Transparency International is one of more than 400 civil society organisations urging the G20 to protect whistleblowers from retaliation, in a joint call with trade unions from across G20 countries. The official G20 engagement groups for Civil Society (C20, or Civil 20) and Trade Unions (L20, or Labour 20) are asking the G20 leaders gathering in Osaka this week to adopt and implement High Level Principles on Whistleblowing.
“Whistleblowers have helped save countless lives and billions of dollars in public funds, but they often face severe consequences for speaking out. Protecting whistleblowers from retaliation can embolden others to come forward and increase the likelihood that wrongdoing is uncovered and prosecuted,” said Maria Emilia Berazategui, Global Advocacy Coordinator at Transparency International, and Chair of the C20 Anti-Corruption Working Group.
The joint statement recognises the advanced provisions contained in the new EU directive on whistleblower protection and the recent reform on the protection of whistleblowers in the private sector in Australia. It also notes that “while many G20 countries have adopted whistleblowing legislation, these laws often leave significant loopholes and fall short of best practice.”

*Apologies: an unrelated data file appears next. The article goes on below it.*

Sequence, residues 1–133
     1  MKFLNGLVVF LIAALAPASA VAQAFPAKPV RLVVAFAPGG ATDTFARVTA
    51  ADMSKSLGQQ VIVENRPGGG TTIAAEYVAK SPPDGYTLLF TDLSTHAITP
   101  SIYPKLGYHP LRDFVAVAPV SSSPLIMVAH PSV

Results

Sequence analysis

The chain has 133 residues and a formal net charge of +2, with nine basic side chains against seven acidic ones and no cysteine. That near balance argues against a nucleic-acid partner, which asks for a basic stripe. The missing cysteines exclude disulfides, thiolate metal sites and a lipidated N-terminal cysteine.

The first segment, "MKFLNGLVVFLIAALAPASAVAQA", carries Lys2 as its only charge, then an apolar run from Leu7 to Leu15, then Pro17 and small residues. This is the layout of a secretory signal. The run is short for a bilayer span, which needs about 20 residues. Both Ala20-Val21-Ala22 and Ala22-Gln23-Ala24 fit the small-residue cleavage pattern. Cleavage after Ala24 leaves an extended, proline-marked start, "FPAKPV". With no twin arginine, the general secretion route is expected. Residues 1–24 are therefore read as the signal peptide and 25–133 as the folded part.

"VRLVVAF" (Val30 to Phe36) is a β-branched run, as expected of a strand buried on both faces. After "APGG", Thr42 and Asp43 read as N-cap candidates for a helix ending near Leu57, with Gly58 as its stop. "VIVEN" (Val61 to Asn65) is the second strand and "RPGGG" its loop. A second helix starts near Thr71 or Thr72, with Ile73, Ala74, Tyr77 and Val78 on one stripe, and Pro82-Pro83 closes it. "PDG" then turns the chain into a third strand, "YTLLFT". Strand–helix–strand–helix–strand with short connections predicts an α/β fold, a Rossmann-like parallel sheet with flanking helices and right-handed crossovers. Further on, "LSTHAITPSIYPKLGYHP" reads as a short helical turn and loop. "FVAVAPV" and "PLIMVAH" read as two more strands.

G20 High Level Principles on Whistleblowing should reflect best practice in the protection of whistleblowers in both the public and private sectors, regardless of their contractual relationship, the groups said.
Specifically, the principles should:
- cover a wide range of wrongdoing and definitions of whistleblower;
- ensure the confidentiality of whistleblowers;
- guarantee the right of whistleblowers to report directly to external authorities;
- provide remedy and compensation for whistleblowers who experience negative consequences for reporting wrongdoing;
- place the burden of proof on employers to show that any detriment suffered by whistleblowers is not due to their disclosures;
- involve a wide range of stakeholders in the review and design of national laws;
- promote the creation of gender-sensitive reporting channels.
In parallel, at the Osaka summit Transparency International is urging G20 countries to effectively implement and monitor the impact of more than 60 anti-corruption resources already adopted.
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